467944 Data-Driven Model Predictive Control of a Seeded Batch Crystallization Process

Wednesday, November 16, 2016: 5:03 PM
Monterey II (Hotel Nikko San Francisco)
Abhinav Garg, Department of Chemical Engineering, McMaster University, Hamilton, ON, Canada and Prashant Mhaskar, Chemical Engineering, McMaster University, Hamilton, ON, Canada

Particulates production has undergone phenomenal growth in the past few decades. They are used for manufacturing of numerous high-value industrial products such crystals, polymers etc. The products are often manufactured using batch processes to provide the flexibility of achieving different products by changing recipes. The physio-chemical and mechanical properties of the end product are known to be linked to the particle size distribution (PSD). For instance, in case of emulsion polymerization, PSD strongly impacts the polymer’s rheology (viscosity), adhesion, drying characteristics etc. [1]

Traditional approach for control of batch processes (particulates or otherwise) have been to use open loop, recipe based policy. In this approach, a predefined input trajectory is applied to each batch [2]. The approach assumes that the desired product quality can be obtained by repeating historically successful input profiles. Although these approaches are easy to implement and do not require a model for the process, they are incapable of rejecting disturbances that affect the process. This has motivated the use of feedback control strategies.

A classical closed loop control approach in batch process is trajectory tracking. In this approach, a predefined set-point trajectory for a measured process variable, often obtained from past successful batches, is tracked. PI controllers are often used for implementing trajectory tracking control. When implementing trajectory tracking approaches (with PI or otherwise) even with perfect tracking, the desired quality may not be obtained, as the relationship between the measured/tracked variable and final quality may change significantly with changes in the process conditions.

These challenges are addressed by control strategies that are cognizant of the causal relationship not only between the manipulated and the (online) measured variables, but also between the manipulated and the final quality variable. A popular model based control approach, model predictive control (MPC), has increasingly been studied for the control of batch processes [3-6]. The reasons for popularity of these control schemes are twofold: first, the feedback controller can counter the model uncertainties that are associated with model simplifications and measurement errors, the other being their ability to handle the ever present input/output constraints. In implementing these formulations, where possible, good first principles models are preferred due to the ability to predict process behavior beyond the data set used to estimate the model parameters. However, first principles models are difficult to develop as it is often impractical to estimate the parameters through experiments, particularly because of the associated cost. Further, these first principles models, particularly in case of distributed parameter systems such as batch particulate processes, pose computational challenges for direct use in predictive control formulation.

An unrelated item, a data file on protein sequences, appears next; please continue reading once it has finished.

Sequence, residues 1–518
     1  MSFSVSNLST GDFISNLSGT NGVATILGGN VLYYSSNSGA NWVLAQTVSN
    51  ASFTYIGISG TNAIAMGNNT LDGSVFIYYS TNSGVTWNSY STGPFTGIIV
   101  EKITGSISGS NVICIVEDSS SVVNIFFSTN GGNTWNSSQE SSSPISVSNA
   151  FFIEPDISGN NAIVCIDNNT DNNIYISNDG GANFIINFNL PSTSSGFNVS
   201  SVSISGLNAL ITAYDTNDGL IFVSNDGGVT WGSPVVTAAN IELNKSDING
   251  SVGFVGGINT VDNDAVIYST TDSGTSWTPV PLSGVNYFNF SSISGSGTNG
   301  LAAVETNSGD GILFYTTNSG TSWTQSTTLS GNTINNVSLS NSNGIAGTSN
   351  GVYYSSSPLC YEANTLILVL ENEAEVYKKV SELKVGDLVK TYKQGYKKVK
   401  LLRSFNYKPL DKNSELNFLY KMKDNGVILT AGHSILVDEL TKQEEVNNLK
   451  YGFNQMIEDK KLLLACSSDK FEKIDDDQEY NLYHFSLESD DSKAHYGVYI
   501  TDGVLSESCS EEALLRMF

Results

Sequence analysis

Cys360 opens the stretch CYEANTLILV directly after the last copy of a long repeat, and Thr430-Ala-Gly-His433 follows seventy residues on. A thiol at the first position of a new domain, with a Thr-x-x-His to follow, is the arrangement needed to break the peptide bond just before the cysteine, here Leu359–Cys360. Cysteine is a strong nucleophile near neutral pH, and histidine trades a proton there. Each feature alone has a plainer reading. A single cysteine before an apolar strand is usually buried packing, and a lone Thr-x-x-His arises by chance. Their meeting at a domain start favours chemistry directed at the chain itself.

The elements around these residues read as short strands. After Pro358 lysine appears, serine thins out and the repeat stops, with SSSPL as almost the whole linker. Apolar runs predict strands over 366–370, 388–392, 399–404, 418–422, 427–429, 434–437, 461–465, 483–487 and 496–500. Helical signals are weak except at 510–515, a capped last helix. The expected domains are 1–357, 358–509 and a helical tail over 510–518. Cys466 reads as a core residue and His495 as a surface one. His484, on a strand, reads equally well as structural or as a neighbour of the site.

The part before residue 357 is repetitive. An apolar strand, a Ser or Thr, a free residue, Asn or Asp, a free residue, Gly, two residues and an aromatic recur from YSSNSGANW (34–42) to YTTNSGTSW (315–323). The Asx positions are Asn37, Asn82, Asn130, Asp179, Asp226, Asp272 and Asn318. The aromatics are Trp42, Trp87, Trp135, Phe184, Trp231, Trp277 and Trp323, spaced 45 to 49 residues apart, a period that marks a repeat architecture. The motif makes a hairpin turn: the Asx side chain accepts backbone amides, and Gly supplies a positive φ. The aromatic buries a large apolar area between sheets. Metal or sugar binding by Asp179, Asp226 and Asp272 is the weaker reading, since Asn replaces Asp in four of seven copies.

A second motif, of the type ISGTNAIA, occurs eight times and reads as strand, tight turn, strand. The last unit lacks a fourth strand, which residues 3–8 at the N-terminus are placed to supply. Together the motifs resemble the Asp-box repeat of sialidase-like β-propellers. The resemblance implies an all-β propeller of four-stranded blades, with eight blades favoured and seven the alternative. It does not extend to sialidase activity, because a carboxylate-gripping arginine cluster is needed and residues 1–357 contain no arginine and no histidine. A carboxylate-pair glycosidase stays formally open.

These issues have motivated the use of simpler, often linear, models derived from past batches database. A variety of approaches for development of data-driven models have been proposed. One of the most celebrated and widely used approach is partial least squares (PLS), which models the process in a projected latent space [7]. These models are essentially time-varying linear models, linearized around mean past trajectories, and therefore require the batches to be of same length, or to recognize an appropriate alignment variable. To account for these limitations, a multi-model approach was proposed in [6]. These models were based on the 'current measurements' of the process instead of the 'time'. These developments were followed by contributions in the area of integration of these data-driven models with the advanced control formulations [5-6]. More recently a subspace identification based batch control approach was proposed in [8] where a LTI state-space model of the batch process is estimated.

The existing formulations have, however, dealt generally with lumped parameter systems and the applications of data-driven approaches for PBE systems have been limited. Some variation of PLS approach have been proposed for distributed parameter processes. In one approach [9] a PLS model is used in conjunction with the predictions obtained from PBEs for batch to batch optimization. A similar strategy is presented in [10] where only a PLS model is used for predicting the final PSD. As with other latent variable approaches, a limitation with the use of PLS models for batch processes is the need to align the batch lengths.

Motivated by these considerations, this work presents a subspace identification based state-space modeling and control approach for a seeded batch crystallization process. The proposed control design is compared with an open loop policy as well as a traditional trajectory tracking policy using classical control. The proposed MPC is shown to achieve 27.22% and 29.90% improvements in the desired product quality, and the ability to respect tighter product quality constraints compared to existing approaches.

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